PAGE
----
Alan Geaam The realization of a French dream

Franco-Lebanese, landed in France in 1999, Alan Geaam had the simple but ardent dream of being a cook. A dream realized beyond his expectations: he is today the only chef of Lebanese origin starred in France. His arrival in Paris looks like a beautiful movie story... He who slept a few nights under the stars on the Champ-de-Mars and who had barely 200 francs is now at the head of a starred restaurant in the 16th arrondissement and multiplies the openings of establishments. Follow us into the inspiring world of Alan Geaam, where culinary passion meets a story of resilience and perseverance.

Restaurant Alan Geaam

19 Rue Lauriston, 16e
See itinerary

What was your first impression with cooking ?

Alan Geaam: I grew up during the Lebanese civil war. My mom reassured us by giving us maximum love, including through her pans. She cooked all the time and invited everyone to eat. I could see that people loved her very much. I told myself that if one day I could cook like her, in turn people would love me too! At the age when other kids wanted to become Spiderman or bodybuilder, I just wanted to be a cook.

Do you remember a particular recipe?

Alan Geaam: Yes, this is the main dish of my childhood memories and that I still ask my mother: a chicken with cabbage confit with seven spices and pepper that simmers for hours. When I came back from school and I smelled this smell from the end of the street, I started running as fast as possible to the house to throw my schoolbag and run into the kitchen. It was also the pleasure of waiting, because it was even better the next day. I tried to do it again, but I gave up. I never managed to reproduce it identically!

What are your character traits?

Alan Geaam: I put enormous pressure on myself. Every morning I want to do better than the day before. I like to give advice to young people and I am lucky to be surrounded by a team that shares my dreams and believes in them. It is very motivating. We are almost at 80 employees, it begins to be a very important responsibility, with a lot of requirements and work. Not to mention my contracts in Switzerland, Courchevel or Marseille. It is a chance and a happiness as a business manager to have several hats. But when I wake up in the morning, I am above all a chef whose goal is to share happiness with my customers.

You have a star at Alan Geaam restaurant since 2018. Is it an additional pressure?

Alan Geaam: Yes, it was a turning point in my career, because I then sold my two bistros AG Les Halles and AG Saint-Germain to focus on my gourmet table and keep the star. But I was able to turn the pressure of this star into positive energy to launch new projects and now I no longer ask myself questions. I go straight ahead and above all I work very very hard to be up to all these challenges.

Are you aiming for a second star?

Alan Geaam: I have always aimed higher. It took me ten years of my life to acquire this star. Of course, we want to cherish excellence and it is a chance to be part of the world of gastronomy in France, while bringing my Lebanese touch. After five years, we continue to progress, but the most important thing is that the customer is happy. Next to that, I really want to continue to show the diversity of Lebanese cuisine. Paris is a city of diversity and I feel very good, I want to continue to live this happiness.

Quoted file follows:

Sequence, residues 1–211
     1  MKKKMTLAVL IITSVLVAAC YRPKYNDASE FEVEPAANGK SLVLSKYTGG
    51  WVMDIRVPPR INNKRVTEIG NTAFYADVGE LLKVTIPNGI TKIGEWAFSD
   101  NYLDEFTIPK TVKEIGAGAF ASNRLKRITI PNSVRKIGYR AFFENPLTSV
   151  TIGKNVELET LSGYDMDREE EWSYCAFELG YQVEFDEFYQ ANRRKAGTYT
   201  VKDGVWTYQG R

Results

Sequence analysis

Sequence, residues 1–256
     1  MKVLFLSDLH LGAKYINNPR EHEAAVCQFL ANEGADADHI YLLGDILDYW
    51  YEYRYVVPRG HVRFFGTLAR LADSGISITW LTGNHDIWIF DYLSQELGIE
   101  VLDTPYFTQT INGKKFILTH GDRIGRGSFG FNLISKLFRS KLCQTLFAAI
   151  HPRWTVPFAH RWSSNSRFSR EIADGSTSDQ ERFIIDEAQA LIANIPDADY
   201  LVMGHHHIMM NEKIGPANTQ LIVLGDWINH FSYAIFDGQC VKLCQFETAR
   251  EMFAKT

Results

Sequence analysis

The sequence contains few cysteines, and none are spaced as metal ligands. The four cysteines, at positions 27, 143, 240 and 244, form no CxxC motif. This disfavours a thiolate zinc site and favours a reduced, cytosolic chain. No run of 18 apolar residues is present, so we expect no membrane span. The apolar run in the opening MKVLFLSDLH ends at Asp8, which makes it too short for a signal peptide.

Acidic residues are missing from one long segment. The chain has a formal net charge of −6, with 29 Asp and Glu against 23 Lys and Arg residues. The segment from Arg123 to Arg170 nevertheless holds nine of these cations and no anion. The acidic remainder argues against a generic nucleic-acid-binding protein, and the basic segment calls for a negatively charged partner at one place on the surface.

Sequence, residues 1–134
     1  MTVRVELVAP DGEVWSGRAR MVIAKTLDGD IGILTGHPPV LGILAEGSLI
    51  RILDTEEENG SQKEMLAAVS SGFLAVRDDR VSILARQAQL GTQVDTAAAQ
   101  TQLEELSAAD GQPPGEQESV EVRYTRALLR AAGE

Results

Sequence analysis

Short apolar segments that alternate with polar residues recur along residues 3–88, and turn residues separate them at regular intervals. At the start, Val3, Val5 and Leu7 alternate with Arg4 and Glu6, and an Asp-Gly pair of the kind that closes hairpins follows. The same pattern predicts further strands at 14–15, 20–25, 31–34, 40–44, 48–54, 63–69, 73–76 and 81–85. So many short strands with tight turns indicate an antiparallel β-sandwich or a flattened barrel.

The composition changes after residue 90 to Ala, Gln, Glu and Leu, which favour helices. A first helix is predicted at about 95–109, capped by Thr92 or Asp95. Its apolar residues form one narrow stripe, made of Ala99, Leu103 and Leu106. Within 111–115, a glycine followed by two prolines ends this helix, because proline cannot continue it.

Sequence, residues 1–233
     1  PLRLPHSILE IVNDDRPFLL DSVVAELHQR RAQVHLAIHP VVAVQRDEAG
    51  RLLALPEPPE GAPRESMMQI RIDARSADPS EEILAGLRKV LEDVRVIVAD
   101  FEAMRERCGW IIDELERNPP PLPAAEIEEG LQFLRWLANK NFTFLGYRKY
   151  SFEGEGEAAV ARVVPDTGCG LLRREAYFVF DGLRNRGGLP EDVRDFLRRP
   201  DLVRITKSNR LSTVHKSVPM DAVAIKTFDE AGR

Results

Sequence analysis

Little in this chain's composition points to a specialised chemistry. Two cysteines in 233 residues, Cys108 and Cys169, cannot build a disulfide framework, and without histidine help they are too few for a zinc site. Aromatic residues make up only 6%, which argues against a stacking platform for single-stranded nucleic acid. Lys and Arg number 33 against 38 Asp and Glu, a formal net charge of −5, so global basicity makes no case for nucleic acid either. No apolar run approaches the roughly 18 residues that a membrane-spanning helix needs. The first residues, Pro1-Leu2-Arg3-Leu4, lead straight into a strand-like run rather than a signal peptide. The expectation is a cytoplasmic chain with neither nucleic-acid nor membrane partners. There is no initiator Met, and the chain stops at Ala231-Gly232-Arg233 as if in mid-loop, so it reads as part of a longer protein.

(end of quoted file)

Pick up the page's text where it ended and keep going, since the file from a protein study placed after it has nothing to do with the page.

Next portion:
You often return to Lebanon. Does gastronomia evolve there, as is the case in Paris?

Alan Geaam: I am very inspired by Lebanese street food, which is indeed evolving a lot. I had the chance to grow up close to the Tripoli market, next to which we find a lot of fantastic concepts that we are not used to seeing in France yet. But for me, France is the most beautiful country in the world.

What chef’s dish has marked you the most?

Alan Geaam: It’s not a dish, but a whole meal at Arnaud Donckele’s Cheval Blanc in Saint Tropez. It was extraordinary. A magnificent experience that put French gastronomy at its peak, both on the plate and service. I also love the very promising and original cuisine of Omar Dhiab who got his star this year. I think that his cuisine will make a lot of talk, like his Croq’ sweetbreads, a condiment from Grenoble. He is a leader to whom I have given advice and to whom I have introduced many people to help him get started. I’m really glad he got his first star.

Where do you get your recipe ideas?

Alan Geaam: What inspires me is the season and its products above all. And then there is nature, my travels in Lebanon, the products I taste every day. It’s a bit of an alchemy that pushes me to transform all this into gustatory emotion. From May to October, it’s happiness. We have all the colors, all the palettes that clash, with the profusion of products that we have available.

When you retire, how would you like your kitchen to be remembered?

Alan Geaam: With a lot of modesty, I would like people to remember that with my teams we created a culinary identity apart, and that starting from scratch, I devoted eighteen years of my life to being the first Franco-Lebanese chef to get a star.

And what do the Geaam eat at home?

Alan Geaam: I rarely eat at home, but when I’m there, I peck to taste a lot of new products. It’s a bit of a continuation of my work at the restaurant. When I’m on vacation, I let myself go a little more. Especially in Mandelieu-la-Napoule, where I go from time to time with my family. There, I do my shopping at the market and I cook very varied and seasonal things, in the Mediterranean style, with lots of citrus and acidity, vegetable and flavors.

The parisian adresses of Alan Geaam

The parisian adresses of Alan Geaam

  • 19, rue Lauriston, 16e.
  • 205, rue Saint-Martin, 3e.
  • 212, rue Saint-Martin, 3e.
  • 212, rue Saint-Martin, 3e
  • 214, rue Saint-Martin, 3e.
By Manuel Mariani - Published the

You must like these following articles

Follow us on Instagram Follow @ParisCapitale